This is the step that most foreign-manufactured and imported LSVs miss, since very few overseas LSV factories are actually registered with the NHTSA, meaning they can’t offer a US VIN code. Chinese micro-cars that are imported to the US often have VINs on the frame, but they are Chinese VINs. That’s the case with my internet-famous mini-truck from China. It has a VIN, but it means nothing in the US since it’s a Chinese VIN.

minghong electric microcar LSV
An example of a Chinese micro-car from Minghong

Next, there are several other requirements that mimic those for full-size cars, from visibility to safety equipment. Low-speed vehicles must have backup cameras with very specific viewing angle requirements. Again, these are the same requirements used for full-size cars and trucks in the US. Slapping a camera on the back of a micro-car or golf cart isn’t enough to fulfill this requirement.

Other requirements like pedestrian warning systems (also referred to as pedestrian noisemakers) are required for LSVs with electric drivetrains. Once again, these have the exact same requirements as for new electric cars like Teslas, etc. Very specific octave levels and decibels levels must be programmed into the car’s noisemaker to warn pedestrians, especially vision-impaired pedestrians, of the vehicle’s presence. The sound must reach certain pitches at different speeds and must modulate as the vehicle’s speed increases and decreases. The exact regulation text for just the pedestrian noisemaker is dozens of pages long, believe it or not.

These are some of the more difficult and cumbersome regulations applied to LSVs since they share the same rules as existing cars, but they’re not the only ones. LSVs must also have lap belts or 3-point seat belts that meet DOT requirements for full-size cars as well as windshields that use specific DOT-approved glazing. Both the windshields and the seat belts must be produced by suppliers that are already registered with the DOT. Simply installing any basic seat belt isn’t enough.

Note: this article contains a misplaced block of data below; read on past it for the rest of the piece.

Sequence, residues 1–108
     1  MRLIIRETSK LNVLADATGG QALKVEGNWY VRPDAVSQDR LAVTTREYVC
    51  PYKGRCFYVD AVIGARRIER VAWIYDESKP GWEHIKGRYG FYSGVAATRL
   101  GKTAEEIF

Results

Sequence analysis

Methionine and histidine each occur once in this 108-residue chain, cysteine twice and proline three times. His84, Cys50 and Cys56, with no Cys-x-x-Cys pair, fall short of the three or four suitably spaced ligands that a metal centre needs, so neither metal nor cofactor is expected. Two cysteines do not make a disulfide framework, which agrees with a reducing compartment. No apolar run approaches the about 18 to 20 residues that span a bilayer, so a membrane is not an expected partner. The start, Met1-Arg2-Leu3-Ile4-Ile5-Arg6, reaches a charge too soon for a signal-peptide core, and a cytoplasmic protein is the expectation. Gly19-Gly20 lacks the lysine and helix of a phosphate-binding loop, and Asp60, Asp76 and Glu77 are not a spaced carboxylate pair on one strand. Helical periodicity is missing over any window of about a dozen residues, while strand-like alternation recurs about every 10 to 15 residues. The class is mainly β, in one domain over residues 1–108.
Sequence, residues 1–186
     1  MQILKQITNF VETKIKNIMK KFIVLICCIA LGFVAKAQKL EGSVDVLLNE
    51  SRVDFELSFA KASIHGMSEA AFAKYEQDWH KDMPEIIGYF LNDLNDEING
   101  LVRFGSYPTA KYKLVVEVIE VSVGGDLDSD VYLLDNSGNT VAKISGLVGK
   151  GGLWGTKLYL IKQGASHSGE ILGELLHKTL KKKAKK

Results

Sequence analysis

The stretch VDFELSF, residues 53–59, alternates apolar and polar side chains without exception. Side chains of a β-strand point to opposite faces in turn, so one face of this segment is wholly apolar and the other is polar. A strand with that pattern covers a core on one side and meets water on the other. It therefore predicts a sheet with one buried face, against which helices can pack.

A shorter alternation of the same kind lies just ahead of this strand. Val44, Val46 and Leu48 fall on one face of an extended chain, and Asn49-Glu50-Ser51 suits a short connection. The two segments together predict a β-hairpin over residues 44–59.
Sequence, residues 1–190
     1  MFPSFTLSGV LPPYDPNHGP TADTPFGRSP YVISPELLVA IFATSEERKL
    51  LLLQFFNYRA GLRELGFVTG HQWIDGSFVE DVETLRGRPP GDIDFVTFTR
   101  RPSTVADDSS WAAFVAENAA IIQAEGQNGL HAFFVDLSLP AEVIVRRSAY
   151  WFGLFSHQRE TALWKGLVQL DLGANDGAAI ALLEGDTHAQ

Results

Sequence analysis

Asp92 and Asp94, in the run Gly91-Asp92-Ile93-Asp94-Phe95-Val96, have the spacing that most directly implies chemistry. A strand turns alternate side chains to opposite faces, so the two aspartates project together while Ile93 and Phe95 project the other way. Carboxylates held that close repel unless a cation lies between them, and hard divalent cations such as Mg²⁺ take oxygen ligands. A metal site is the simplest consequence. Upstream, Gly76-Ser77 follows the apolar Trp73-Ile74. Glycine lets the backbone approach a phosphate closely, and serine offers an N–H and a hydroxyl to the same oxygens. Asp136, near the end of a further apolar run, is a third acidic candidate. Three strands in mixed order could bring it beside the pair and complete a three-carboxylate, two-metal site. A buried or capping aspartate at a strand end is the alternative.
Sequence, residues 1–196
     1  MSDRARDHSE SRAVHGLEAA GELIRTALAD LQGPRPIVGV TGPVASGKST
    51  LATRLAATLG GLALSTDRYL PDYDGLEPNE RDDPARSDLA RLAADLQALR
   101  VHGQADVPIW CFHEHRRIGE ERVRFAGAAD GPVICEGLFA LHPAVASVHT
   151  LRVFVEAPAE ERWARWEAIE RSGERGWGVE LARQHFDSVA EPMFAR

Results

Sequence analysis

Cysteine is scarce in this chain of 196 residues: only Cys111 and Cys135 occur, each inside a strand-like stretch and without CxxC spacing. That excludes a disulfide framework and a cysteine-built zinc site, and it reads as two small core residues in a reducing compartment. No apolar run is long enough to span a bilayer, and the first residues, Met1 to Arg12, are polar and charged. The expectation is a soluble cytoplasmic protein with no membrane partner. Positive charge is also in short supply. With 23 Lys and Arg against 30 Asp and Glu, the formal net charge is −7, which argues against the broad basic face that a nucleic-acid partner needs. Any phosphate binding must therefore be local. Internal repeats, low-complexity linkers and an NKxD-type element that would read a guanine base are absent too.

Other requirements cover aspects related to lighting, braking systems, reflectors, mirrors, and more.

Where LSVs differ in street-legal requirements from full-size cars largely comes down to the more complicated safety requirements. Crumple zones, airbags, radar, and other major pieces of safety equipment aren’t required in LSVs, and the vehicles themselves aren’t required to undergo crash testing. If they were, the results likely wouldn’t be pretty due to the reduced safety equipment in the vehicles.

That’s one of the reasons that LSVs are limited to just 25 mph (40 km/h) top speed and can only be operated on roads with speed limits of 35 mph (56 km/h). Both of these are part of the federally mandated LSV regulations and are designed to prevent these vehicles from mixing with larger full-size vehicles at higher speeds, where the result of crashes are more likely to be fatal.